What is isfinite() Function in JavaScript? Examples and Usage

Are you interested in understanding the power of the isFinite() function in JavaScript? Read on to explore its usage and examples.

In this article, we will demonstrate how this function determines if a value is a finite number, using practical examples for clarity.

In addition to that, you’ll learn about the key differences between isFinite() and Number.isFinite(), and understand how they handle type conversion.

What is isfinite() function in JavaScript?

The isFinite() function in JavaScript is a global function that determines whether a passed value is a finite number.

If the value is NaN, positive infinity, or negative infinity, this method will return false.

Otherwise, if the value is a finite number, it will return true.

Syntax:

``````isFinite(value)
✅``````

Parameters:

``value``

This is the value that you want to test. It can be of any type, and isFinite() will try to convert it to a number before doing the check.

Return value:

The function returns a Boolean value. If the value is a finite number, it returns true. If the value is NaN, positive infinity (Infinity), or negative infinity (-Infinity), it returns false.

Supported browser

✔ Chrome

✔ Edge

✔ Firefox

✔ Internet Explorer

✔ Opera

✔ Safari

How to use isfinite() function in JavaScript?

Here’s an example of how you can use it:

``````console.log(isFinite(143)); // Output: true

console.log(isFinite(-1.43)); // Output: true

console.log(isFinite(5-2)); // Output: true

console.log(isFinite(0)); // Output: true

console.log(isFinite('Itspurcecode')); // Output: false

console.log(isFinite('2023/03/25')); // Output: false

console.log(isFinite('')); // Output: true

console.log(isFinite(true)); // Output: true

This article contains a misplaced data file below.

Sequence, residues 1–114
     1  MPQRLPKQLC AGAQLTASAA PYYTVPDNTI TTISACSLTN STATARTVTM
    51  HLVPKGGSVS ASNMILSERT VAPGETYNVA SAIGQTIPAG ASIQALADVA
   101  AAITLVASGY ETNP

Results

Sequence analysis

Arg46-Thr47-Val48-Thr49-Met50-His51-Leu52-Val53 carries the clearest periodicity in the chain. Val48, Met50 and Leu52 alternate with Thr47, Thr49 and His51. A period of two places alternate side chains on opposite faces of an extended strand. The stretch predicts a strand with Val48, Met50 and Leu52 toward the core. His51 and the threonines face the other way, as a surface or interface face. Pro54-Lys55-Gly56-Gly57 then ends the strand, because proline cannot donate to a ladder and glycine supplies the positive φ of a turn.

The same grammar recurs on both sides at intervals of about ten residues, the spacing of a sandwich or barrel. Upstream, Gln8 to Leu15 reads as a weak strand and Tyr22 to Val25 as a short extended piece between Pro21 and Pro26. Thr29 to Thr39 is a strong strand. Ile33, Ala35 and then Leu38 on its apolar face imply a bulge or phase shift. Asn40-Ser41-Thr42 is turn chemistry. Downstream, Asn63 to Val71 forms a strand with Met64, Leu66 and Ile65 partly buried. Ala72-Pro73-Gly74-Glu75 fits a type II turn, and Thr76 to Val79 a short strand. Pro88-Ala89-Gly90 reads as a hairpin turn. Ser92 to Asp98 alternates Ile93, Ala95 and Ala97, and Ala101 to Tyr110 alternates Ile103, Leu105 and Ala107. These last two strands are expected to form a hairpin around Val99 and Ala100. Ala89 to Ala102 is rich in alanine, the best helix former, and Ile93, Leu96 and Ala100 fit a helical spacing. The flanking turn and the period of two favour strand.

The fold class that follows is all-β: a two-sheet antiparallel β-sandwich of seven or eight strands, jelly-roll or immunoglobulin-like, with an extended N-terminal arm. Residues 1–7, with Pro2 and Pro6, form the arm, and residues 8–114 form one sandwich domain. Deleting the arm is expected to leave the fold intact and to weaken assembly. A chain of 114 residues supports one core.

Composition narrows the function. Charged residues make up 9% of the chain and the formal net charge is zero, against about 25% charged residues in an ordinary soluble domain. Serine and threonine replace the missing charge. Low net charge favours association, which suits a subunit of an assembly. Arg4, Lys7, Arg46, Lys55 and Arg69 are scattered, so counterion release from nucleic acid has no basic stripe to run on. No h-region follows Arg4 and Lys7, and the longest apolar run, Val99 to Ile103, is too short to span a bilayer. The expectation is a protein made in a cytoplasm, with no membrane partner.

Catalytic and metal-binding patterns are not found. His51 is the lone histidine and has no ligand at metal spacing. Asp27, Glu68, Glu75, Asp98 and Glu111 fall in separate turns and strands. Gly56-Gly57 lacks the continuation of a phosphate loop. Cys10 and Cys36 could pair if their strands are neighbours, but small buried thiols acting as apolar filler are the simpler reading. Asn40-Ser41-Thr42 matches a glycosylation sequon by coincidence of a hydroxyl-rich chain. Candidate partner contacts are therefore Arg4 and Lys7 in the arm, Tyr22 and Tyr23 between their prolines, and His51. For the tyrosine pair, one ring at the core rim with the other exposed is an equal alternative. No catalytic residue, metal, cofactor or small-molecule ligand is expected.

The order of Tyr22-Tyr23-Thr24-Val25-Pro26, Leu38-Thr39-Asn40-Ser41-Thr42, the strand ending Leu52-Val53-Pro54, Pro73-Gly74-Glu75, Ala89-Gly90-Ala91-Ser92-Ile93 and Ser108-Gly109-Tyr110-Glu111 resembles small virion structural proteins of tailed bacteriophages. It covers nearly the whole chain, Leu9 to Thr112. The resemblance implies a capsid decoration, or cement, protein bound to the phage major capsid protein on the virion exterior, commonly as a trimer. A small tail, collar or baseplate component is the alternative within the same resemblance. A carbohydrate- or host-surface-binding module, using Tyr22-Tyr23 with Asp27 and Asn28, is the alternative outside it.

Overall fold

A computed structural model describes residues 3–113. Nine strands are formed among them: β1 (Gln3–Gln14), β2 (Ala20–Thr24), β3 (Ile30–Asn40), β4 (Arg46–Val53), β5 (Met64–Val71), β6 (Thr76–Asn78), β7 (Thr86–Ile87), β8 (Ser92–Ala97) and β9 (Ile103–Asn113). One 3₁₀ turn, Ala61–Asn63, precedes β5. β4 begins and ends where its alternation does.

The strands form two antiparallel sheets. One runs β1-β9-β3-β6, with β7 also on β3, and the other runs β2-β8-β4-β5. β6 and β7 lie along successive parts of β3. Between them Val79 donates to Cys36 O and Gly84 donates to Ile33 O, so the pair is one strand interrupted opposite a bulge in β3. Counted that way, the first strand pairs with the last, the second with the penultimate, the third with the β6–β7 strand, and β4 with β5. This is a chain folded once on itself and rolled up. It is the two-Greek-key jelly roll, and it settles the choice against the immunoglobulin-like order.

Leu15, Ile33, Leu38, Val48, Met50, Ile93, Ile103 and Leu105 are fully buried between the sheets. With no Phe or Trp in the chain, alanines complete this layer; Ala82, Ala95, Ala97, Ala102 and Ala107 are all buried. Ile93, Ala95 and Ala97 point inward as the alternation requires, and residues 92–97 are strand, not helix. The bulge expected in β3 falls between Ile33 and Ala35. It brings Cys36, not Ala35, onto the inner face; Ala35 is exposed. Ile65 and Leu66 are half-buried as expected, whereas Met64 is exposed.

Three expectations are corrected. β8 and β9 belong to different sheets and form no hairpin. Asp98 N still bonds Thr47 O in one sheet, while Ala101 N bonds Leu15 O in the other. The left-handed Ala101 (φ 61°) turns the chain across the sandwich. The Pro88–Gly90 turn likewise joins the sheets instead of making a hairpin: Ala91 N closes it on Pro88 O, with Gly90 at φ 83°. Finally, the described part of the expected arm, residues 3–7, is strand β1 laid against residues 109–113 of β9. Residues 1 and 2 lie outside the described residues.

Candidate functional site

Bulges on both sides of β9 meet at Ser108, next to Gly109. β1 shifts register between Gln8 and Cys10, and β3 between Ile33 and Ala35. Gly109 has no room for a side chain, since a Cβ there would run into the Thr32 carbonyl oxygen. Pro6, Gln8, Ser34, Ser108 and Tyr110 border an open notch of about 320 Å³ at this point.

console.log(isFinite(undefined)); // Output: false

console.log(isFinite(null)); // Output: true``````

As you can see, the isFinite() function converts the checked value to a number (if it isn’t already) before performing the check. This can lead to some unexpected results, such as empty strings and true being considered finite numbers.

If you want to avoid this type conversion, you can use Number.isFinite(), which doesn’t perform type conversion and only returns true if the value is specifically a finite number.

What is the difference between isFinite() and Number.isFinite()?

Both isFinite() and Number.isFinite() are used to check if a value is a finite number in JavaScript, but they have different approaches when it comes to type conversion:

isFinite()

This function is a bit flexible. It tries to convert the input value into a number first and then checks if it’s finite. For instance, if you use isFinite(“1”), it will return true.

This is because it converts the string “1” into the number 1, which is indeed a finite number.

Number.isFinite()

This function is more strict. It doesn’t do any type of conversion.

It will only return true if the input value is already a number and that number is finite.

So, if you use Number.isFinite(“1”), it will return false because “1” is a string, not a number.

So, if you want to be sure that a value is not just finite but also originally a number, Number.isFinite() would be your go-to choice.

Here are some examples of how you can use isFinite() and Number.isFinite() in JavaScript:

``````// Using isFinite() ✅
console.log(isFinite(143)); // Output: true

console.log(isFinite("143")); // Output: true

console.log(isFinite(Infinity)); // Output: false

console.log(isFinite("Itsourcecode")); // Output: false

// Using Number.isFinite() ✅
console.log(Number.isFinite(143)); // Output: true

console.log(Number.isFinite("143")); // Output: false

console.log(Number.isFinite(Infinity)); // Output: false

console.log(Number.isFinite("Itsourcecode")); // Output: false``````

Conclusion

In this conclusion, we’ve explored the power of the isFinite() function in JavaScript.

We’ve learned that this global function is used to determine whether a given value is a finite number.

It returns true if the value is a finite number and false if the value is NaN, positive infinity, or negative infinity.

We discovered that isFinite() tries to convert its input into a number before checking if it’s finite, which can lead to some unexpected results.

To avoid this type conversion, we introduced Number.isFinite(), which doesn’t perform type conversion and only returns true if the value is specifically a finite number.

We hope this article has provided you with enough information to understand the isfinite in JavaScript.

If you want to explore more JavaScript topics, check out the following articles:

Thank you for reading Itsourcecoders 😊.